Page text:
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DOES A BROKEN BOARD EQUAL A BROKEN NOSE: TRAINING TO ACHIEVE THE STRIKING FORCE PROVEN TO STOP AN AT
Author: Brian Struchtemeyer
Publisher: PALADIN PRESS, Feb 2009
In this groundbreaking training guide, Struchtemeyer details the exact level of impact force found in modern "less-than-lethal" weapons used by law enforcement to physically subdue criminal suspects & shows you how to attain this level of force with your punches. Photos & illus; 8.5x11 inches, 180 pgs.
Precisely how hard do you have to hit to stop an attacker? And how do you train to develop that level of force? In this groundbreaking training guide, Brian Struchtemeyer details the exact level of impact force found in modern "less-than-lethal" weapons used by law enforcement to physically subdue criminal suspects and shows you how to attain this level of force with your punches. When officers use LTL tools, they are able to reliably stop more than 90 percent of criminal suspects - and that's when they are only aiming at the thighs or abdomen. They know these tools could cause severe injury or even death if aimed at more vulnerable body parts such as the head and neck.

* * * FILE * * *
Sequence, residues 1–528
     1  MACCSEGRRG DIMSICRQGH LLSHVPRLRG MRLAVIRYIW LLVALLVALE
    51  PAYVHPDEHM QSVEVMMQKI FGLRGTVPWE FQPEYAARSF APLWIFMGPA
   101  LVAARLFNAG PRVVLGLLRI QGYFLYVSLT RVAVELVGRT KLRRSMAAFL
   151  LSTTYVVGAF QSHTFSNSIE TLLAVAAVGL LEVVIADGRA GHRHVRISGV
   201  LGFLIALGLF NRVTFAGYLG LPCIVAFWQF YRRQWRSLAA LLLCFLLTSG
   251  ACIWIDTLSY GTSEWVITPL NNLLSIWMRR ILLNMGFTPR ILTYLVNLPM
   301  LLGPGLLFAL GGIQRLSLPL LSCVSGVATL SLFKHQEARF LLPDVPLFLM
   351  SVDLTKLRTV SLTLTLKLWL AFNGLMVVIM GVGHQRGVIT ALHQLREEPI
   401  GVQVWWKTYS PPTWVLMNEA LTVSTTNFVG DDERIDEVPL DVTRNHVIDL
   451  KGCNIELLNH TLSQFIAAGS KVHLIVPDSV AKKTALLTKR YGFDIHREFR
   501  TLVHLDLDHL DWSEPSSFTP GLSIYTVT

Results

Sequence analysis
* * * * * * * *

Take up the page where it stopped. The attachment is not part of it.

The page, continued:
Struchtemeyer integrates the long sought-after answer of how hard is hard enough with an engaging and often humorous cross-cultural study on the history, nature and practical use of surrogate targets, including the heavy bag and Okinawan makiwara. Along the way he connects a diverse range of topics, including psychology, early American football and the statistics of random chance, to the simple goal of effective stopping power in unarmed strikes. Finally, these varied topics are synthesized into a set of training drills using surrogate targets that allow you to measure the force of your blows so you know when you are hitting with the same level of impact force proven by law enforcement officers to stop a violent opponent in his tracks.
ABOUT THE AUTHOR:
Brian Struchtemeyer is a longtime student of Matsubayshi-ryu Shorin-ryu. He has also studied many other styles, systems and persuasions of self-defense. His personal interest lies in removing myth and superstition from martial arts by improving the facts, data and measurements used in self-defense training.